A Layer of Sensuality for Your Walls
Posted on May 07 2022
Amaryllis by Sharon Simpson for Dark Romantix ©
We’ve begun a lovely weekend ritual. Columbia Road flower market, Sunday mornings.
If you live close, love a browse and morning melée.
I recommend you visit. The earlier the better, it’s getting busy!
Expect a of feast flowers, sights of huge bouquets wrapped in brown paper, clutched in the hands of the proud customers. I often think I see pride in the faces of the people who buy bouquets, and wonder where their prized bunch would go!
The brown paper seems like a Columbia Road signature.
The main event, the flowers are superb! I’ve bought long stemmed lilies, ranunculus, birds of paradise and these stunning Amaryllis, photographed days after the flowers appeared.
Once I got them home I cut off about one inch from the bottom, put them in a large, tear dropped shaped vase and filled with a little bit of water. The vase was part of a haul I picked up from one of my local florists, she was selling vase stock she no longer wanted.
I could never have imagined how incredible these three simple stems would look. I thought at first they might be too minimalist, sparse even. But I guess against the backdrop of my house, the deep red flowers glowed against the dark backdrop.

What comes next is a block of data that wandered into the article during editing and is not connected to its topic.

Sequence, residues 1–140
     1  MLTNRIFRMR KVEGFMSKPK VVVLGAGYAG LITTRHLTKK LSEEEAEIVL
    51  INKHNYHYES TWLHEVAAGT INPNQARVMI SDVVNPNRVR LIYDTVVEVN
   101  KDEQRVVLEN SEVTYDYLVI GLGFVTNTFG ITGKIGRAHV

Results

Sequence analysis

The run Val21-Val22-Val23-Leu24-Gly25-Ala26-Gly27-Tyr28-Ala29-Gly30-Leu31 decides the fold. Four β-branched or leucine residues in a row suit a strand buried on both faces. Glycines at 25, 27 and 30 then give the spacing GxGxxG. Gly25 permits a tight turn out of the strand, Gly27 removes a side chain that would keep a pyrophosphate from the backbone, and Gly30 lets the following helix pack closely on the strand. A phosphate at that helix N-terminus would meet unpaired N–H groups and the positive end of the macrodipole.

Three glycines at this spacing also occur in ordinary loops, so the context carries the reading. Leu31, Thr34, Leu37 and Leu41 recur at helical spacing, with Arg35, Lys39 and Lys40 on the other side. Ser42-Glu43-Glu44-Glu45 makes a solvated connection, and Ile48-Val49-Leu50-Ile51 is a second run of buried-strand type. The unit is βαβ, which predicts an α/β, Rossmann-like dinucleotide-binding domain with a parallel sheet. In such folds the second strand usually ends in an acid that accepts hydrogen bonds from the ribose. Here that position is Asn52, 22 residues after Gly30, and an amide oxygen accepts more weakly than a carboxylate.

After a few days in a little water, the flowers unfolded to reveal these luxurious, velvety, inviting insides. I was so excited to capture the strange beauty of these flowers.
For me, the flowers are at once subtle and show offy.
It’s a duality the Amaryllis holds with ease.
I photographed them in my living room, against the door, which is painted in Valspar’s, Sooty Lashes. As is the rest of the room.
Using only the natural light from the bay windows, a 50mm Prime lens and occasionally my room divider screen to block out some light, this is what I captured. I love the fall off with this lens, the way the background softens out of focus.
Photographing these flowers I had to get as close as possible, whilst staying as still as I could…some might be unhappy with the minimal blur, but I love it, I think the effect eases the image on the senses.
What do you think?
I think they’ve emerged as beautiful pieces of sultry art, undulating with layers of velvet and soft, luscious textures that ooze from the flowers.
There’s sensuality, romance and a bit of dark drama that, I think, would compliment modern, maximalist, contemporary and eclectic interiors.
The Amaryllis is an enticing flower. As a winter plant, the season for buying more down the market is over for now. I’m already looking forward to being drawn in again to find out if I can discover the secret of what makes the Amaryllis so beautiful.